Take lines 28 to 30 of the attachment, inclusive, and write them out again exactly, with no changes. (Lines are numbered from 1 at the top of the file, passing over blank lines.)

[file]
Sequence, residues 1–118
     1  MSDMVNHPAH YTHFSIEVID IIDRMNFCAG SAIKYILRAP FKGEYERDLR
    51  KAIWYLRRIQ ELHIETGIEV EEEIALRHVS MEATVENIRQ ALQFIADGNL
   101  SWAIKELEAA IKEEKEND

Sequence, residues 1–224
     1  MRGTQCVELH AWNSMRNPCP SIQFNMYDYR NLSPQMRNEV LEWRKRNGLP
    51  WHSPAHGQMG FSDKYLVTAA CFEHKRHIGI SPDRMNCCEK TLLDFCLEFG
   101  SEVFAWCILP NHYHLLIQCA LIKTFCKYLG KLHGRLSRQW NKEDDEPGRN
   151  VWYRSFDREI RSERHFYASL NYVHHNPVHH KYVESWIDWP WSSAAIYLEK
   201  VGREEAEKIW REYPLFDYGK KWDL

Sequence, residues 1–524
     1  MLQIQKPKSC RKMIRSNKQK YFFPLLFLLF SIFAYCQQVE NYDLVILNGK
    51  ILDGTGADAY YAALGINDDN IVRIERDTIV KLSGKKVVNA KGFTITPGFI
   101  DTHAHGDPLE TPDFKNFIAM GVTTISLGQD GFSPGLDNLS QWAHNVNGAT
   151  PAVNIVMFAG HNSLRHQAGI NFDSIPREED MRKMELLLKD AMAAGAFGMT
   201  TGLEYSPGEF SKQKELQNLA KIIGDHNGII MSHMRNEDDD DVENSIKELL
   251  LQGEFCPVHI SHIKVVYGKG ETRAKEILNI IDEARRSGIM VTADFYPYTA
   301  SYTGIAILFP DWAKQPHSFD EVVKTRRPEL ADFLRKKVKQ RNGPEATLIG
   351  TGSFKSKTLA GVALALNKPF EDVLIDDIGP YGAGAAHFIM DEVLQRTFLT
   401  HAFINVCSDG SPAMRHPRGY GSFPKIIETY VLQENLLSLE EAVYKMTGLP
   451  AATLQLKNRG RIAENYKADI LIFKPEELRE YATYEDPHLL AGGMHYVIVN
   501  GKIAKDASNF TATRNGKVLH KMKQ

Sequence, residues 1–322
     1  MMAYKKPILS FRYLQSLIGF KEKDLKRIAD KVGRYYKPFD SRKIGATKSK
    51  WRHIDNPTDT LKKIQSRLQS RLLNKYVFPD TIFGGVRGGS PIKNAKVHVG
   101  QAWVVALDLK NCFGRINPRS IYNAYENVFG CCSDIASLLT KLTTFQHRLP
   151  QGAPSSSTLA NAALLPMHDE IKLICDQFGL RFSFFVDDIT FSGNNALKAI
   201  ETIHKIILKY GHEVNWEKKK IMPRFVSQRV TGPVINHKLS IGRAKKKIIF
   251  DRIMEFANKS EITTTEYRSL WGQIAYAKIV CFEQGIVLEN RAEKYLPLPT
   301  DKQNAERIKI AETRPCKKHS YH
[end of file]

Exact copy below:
   201  ETIHKIILKY GHEVNWEKKK IMPRFVSQRV TGPVINHKLS IGRAKKKIIF
   251  DRIMEFANKS EITTTEYRSL WGQIAYAKIV CFEQGIVLEN RAEKYLPLPT
   301  DKQNAERIKI AETRPCKKHS YH